Slow Art Day
Most viewers spend an average of 3–10 seconds looking at an artwork. With this Slow Art exercise, you are invited to spend five minutes focusing on each piece of art. Slowing down will allow you to discover how and what a work of art communicates to YOU. Slow Art Day is a global event with a simple mission: help more people discover for themselves the joy of looking at and loving art.
Here are some tips on slowing down your looking experience:
- Set the timer on your phone to be sure you are looking for three to five minutes.
- Use a stool or bench to sit and relax.
- Take a few deep breaths before you begin.
- Allow yourself to notice and wonder about the work – don’t rush to interpretation.
- Pay attention to the internal dialogue between you and the work of art.
- Suspend your judgment.
- Think of the work of art as being time-based, as if you were listening to a piece of music. Let the work unfold over the period of time you are with it.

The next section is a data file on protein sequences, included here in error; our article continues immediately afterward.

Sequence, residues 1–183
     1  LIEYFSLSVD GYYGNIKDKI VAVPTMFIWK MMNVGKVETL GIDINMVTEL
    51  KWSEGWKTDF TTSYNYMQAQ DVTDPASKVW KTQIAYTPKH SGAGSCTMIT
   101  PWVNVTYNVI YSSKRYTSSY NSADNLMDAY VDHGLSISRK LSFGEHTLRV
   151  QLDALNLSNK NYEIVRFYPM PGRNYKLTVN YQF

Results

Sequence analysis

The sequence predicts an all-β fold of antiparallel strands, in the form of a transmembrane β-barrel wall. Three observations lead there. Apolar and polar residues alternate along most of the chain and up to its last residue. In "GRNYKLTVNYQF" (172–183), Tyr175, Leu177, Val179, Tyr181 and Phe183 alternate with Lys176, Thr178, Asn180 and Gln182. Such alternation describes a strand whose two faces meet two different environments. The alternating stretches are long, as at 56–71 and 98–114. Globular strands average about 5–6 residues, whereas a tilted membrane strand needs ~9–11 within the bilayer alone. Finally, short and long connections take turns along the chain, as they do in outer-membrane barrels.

- Think of the piece of art as a new person you are getting acquainted with.
- Notice what feelings and memories are evoked.
- Give the piece your full attention and allow yourself to lose track of time.
MAM staff would love to hear about your experience! Post on Instagram and tag us @missoulaartmuseum using the hashtag #slowartday.
Here are some suggested artworks to view, but of course the Slow Art strategy can be applied to any artwork you find today or any day!
On view in the lobby: George Longfish (Seneca and Tuscarora), Modern Times, lithograph, 1994, MAM Contemporary American Indian Art Collection, gift of Jaune Quick-to-See Smith, copyright the artist, 2006.16.
On view in the Lynda M. Frost Gallery for Contemporary American Indian Art. Nicholas Galanin (Tlingit), MAM installation view of I Think it Goes Like This (Gold), photo by Slikati Photography.